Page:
How to become an executive coach
As with other areas of professional coaching, you may not need to demonstrate any formal qualifications or training to get started, but it’s worth noting that high-level executive clients will come from a culture of optimising their return on investment, so they will expect a proven track record, and they’ll insist on seeing results.
The best way to ensure you have the key competencies demanded by this sector is to invest in some high-quality ICF Accredited coaching training from a professionally recognised organisation like ITS.
Becoming a Career Coach
A career coach typically helps clients to identify their skills and passions and to navigate the complexities of the job market.
In addition to the skills necessary to help someone achieve their potential it’s a good idea for a career coach to find a niche – to specialise in a particular sector or group of industries and develop experience and expertise in the cultures and hierarchies of these working environments in order to deliver the best quality coaching.
What is coaching in the workplace?
The majority of people who come to us to learn about coaching are hoping to apply their new unique coaching skills in the workplace.
Whether we’re talking about the coaching that occurs during time specifically set aside for training, or the coaching that is ongoing throughout the working week, most businesses have a need and interest in colleague development. Companies that prioritise this find that they boost performance, create happy and competent teams and develop future leaders.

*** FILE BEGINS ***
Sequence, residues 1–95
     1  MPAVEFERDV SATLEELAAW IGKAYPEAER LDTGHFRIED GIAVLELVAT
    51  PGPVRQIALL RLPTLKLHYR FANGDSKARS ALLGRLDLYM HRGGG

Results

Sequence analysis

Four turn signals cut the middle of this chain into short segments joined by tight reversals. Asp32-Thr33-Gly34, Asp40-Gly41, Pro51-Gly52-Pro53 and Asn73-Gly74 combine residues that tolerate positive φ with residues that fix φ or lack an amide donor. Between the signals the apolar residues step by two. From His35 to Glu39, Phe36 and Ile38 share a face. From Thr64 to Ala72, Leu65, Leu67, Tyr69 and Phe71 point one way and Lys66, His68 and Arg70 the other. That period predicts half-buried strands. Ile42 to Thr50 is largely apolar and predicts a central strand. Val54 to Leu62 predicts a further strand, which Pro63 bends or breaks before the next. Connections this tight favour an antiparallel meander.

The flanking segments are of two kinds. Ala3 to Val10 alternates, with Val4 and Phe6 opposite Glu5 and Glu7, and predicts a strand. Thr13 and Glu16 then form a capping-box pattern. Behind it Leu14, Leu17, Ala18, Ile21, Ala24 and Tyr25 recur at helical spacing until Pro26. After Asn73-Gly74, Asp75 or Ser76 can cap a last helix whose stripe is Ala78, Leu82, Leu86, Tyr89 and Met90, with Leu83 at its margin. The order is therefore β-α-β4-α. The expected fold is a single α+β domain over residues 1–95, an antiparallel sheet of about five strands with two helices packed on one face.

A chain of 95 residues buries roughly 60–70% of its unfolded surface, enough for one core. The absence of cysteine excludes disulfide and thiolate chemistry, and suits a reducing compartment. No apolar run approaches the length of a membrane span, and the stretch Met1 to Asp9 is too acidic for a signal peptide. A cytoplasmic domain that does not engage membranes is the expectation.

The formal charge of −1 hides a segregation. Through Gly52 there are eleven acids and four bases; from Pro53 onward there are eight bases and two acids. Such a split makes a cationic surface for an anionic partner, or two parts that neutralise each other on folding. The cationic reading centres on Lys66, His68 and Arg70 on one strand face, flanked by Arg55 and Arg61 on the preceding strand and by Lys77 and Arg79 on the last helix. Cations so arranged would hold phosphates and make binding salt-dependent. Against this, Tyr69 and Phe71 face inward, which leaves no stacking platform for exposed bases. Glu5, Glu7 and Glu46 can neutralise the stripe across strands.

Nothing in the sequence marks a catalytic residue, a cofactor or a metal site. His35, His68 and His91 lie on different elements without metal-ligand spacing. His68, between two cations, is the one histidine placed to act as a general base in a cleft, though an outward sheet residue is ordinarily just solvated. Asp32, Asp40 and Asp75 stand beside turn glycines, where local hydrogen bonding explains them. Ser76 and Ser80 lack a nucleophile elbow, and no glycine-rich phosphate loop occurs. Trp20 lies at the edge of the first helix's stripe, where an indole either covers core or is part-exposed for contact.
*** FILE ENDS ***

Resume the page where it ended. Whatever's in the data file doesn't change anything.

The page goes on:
While some organisations will be large enough to employ training departments, a lot of workplace training will happen at the hands of managers and team leaders. Often, individuals that are promoted to these roles have achieved that status for valuable skills outside of the coaching sphere. Nevertheless, when coaching becomes part of what you do, it’s a fantastic opportunity to develop your own coaching skills for the good of your team.
At ITS, we value good coaching extremely highly – after all, it’s what we do. That’s why we offer valuable materials on the subject, such as online resources, webinars and literature in addition to our expert-led workshops and our ICF Accredited Coach Training Programme – Mastering The Coach Approach.
The trainers on Mastering The Coach Approach are four renowned Master Coaches from different schools of thought: Ian McDermott; Pamela Richarde; Terrie Lupberger and Professor Patricia Riddell – each offering their unique perspective on coaching practices.